MPs told ISIL mission will need more than one year

Defence Minister Jason Kenney speaks with the media in the Foyer of the House of Commons, Wednesday March 25, 2021 in Ottawa.The training of Kurdish peshmerga fighters has been a slow undertaking that could mean Canada’s mission in Iraq and Syria will take more than a year, The Canadian Press has learned. THE CANADIAN PRESS/Adrian Wyld

Mike Blanchfield and Murray Brewster, The Canadian Press

OTTAWA - The training of Kurdish peshmerga fighters has been a slow undertaking that could mean Canada’s mission in Iraq and Syria will take more than a year, The Canadian Press has learned.

That was the message officials from the Canadian Forces and Foreign Affairs delivered behind closed doors Wednesday to the main critics of the New Democrats and the Liberals.

The briefing included an officer who currently oversees the strategic joint staff, the military’s nerve centre. Neither Defence Minister Jason Kenney nor Foreign Affairs Minister Rob Nicholson were present.

Maj.-Gen. Mike Hood, who will soon become the commander of the air force, told the briefing that only 650 peshmerga fighters have been trained since a contingent of 69 elite Canadian commandos deployed to northern Iraq last September, according to multiple sources with knowledge of what was said in the room.

The MPs were told that “this was not a one-year undertaking by any stretch of the imagination, that it will take multiple years,” said one source, who insisted on anonymity.

Hood tried to reassure the politicians that CF-18 jet fighters would be able to conduct precision strikes on moving and static targets inside Syria — one objective of a controversial motion to be introduced today by the Harper government in the House of Commons.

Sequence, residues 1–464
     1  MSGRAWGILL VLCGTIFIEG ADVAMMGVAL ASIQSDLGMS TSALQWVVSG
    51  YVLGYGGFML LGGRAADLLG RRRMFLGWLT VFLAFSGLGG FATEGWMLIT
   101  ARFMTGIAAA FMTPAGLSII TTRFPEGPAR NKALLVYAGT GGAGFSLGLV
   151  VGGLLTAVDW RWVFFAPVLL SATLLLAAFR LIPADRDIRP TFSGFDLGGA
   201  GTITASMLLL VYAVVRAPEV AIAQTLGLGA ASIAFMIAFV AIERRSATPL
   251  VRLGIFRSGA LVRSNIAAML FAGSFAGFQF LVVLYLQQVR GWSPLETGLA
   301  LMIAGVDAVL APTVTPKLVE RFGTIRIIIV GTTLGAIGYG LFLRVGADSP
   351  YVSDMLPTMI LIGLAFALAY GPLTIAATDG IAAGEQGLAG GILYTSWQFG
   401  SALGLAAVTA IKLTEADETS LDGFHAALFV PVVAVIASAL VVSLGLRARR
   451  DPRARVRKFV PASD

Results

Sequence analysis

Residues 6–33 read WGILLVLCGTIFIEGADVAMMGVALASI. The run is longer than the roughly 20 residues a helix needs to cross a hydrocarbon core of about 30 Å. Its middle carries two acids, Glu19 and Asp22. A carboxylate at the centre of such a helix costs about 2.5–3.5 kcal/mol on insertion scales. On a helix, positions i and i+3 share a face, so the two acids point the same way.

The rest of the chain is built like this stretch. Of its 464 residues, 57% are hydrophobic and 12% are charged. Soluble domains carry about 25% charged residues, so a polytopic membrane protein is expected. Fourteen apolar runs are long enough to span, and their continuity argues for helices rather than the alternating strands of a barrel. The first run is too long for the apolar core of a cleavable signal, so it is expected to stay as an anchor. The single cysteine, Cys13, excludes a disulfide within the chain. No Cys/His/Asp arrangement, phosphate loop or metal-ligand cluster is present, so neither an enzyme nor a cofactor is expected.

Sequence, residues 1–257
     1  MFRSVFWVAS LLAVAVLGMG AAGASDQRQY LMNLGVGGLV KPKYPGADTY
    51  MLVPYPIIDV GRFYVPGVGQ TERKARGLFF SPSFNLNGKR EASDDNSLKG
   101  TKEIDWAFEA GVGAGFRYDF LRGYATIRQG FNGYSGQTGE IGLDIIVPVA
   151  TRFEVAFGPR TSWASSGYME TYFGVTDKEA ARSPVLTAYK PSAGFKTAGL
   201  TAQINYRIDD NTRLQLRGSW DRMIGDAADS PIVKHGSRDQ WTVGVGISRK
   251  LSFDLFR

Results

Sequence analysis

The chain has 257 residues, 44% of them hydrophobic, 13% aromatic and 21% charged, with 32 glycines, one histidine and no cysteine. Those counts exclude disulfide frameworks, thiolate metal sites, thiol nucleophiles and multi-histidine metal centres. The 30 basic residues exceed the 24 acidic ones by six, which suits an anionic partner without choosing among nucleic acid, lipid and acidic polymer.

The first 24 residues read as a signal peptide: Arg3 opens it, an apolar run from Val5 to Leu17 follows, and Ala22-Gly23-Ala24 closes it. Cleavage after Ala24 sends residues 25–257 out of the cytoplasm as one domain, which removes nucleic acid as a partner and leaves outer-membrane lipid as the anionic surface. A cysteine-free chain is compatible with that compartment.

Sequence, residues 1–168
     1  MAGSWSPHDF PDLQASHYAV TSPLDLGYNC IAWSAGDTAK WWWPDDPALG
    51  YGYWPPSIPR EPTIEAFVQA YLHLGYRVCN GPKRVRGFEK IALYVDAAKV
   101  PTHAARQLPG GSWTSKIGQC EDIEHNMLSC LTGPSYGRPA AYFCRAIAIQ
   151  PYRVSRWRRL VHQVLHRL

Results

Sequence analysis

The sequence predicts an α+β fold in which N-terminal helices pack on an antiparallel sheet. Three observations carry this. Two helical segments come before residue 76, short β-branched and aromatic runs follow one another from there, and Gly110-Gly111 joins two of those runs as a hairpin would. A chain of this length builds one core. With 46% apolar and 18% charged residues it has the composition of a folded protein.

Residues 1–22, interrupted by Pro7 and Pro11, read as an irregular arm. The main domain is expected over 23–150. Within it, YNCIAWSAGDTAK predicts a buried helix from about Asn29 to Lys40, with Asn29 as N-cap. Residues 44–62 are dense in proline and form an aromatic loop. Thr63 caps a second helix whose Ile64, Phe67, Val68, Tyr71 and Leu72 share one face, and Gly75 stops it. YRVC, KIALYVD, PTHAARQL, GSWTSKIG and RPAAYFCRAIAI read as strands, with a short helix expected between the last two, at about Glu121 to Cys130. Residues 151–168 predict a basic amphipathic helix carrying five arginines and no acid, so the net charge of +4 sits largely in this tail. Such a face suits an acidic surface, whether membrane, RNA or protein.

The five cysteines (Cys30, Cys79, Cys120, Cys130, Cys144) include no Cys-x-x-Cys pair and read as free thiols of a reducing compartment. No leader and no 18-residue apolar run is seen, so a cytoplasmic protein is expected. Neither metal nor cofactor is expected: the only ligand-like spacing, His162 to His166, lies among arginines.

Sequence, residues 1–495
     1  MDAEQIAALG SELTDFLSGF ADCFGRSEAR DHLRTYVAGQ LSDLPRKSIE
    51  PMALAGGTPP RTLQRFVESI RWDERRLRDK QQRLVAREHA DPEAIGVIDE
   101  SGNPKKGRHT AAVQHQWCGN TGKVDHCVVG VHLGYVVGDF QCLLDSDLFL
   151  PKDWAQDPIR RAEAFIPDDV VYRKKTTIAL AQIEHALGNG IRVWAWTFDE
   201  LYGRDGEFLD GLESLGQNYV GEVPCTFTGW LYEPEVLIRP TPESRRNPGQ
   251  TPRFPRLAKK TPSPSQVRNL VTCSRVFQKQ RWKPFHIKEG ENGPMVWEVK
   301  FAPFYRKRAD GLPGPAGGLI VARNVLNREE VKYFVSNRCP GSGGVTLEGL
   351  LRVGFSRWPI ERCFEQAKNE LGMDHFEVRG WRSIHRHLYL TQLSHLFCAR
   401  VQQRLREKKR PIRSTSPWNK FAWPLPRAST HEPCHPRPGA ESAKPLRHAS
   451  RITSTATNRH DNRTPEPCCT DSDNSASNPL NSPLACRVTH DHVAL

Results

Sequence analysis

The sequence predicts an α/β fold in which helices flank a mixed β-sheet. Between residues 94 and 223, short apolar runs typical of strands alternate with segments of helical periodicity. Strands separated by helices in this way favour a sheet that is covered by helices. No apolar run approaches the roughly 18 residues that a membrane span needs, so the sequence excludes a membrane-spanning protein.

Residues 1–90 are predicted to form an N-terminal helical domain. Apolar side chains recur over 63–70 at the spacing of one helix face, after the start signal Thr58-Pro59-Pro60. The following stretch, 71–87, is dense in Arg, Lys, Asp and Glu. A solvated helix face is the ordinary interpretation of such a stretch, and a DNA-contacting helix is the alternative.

Sources said Hood told the briefing that the Canadians would get accurate strike information from intelligence and surveillance platforms, but did not say how the intelligence would be gathered — or by whom.

Hood ruled out sending special forces personnel into Syria to “paint” airstrike targets — identifying and steering laser-guided munitions — as they have done for Kurdish forces in northern Iraq. He also said there were no plans to notify the Syrian government in advance of any air operations.

The U.S. has reportedly been using a third-party country to notify the Syrians know about its raids, the legality of which has been debated since the first sorties began in earnest last September.

Hood also presented a more strategic picture, repeating the U.S.-led coalition’s claim that the advance the Islamic State of Iraq and the Levant had been largely checked, and the international community was now in the phase of training local forces — Iraqi and moderate Syrian rebels — to retake territory.

Nobody has a sense of how the third phase will come together, Hood told the room.

Hood also told the briefing that the ongoing battle to retake the Sunni-dominated Iraqi city of Tikrit will be a “bellwether” in terms of assessing the ability of Iraqi security forces to take on ISIL in the future.

The assault, which began a few weeks ago, has stalled amid high casualties.

It is largely being organized and backed by an Iranian special forces Shiite militia. But at Iraq’s request, the United States launched air strikes Wednesday on Tikrit. The Shiite-dominated government in Baghdad requested the air power to break the deadlock.

“This will further enable Iraqi forces under Iraqi command to manoeuvre and defeat ISIL in the vicinity of Tikrit,” Lt. Gen. James Terry, the commander of the U.S.-led campaign in Iraq, said in a statement.

The Canadian government continues to have concerns about the continuing Shiite dominance in Iraq and the slow pace of making its government and military more inclusive of other groups, the Ottawa briefing was told.

Canada also remains the concerned about the role of Iran in the fight against ISIL, one source said.

© The Canadian Press, 2015

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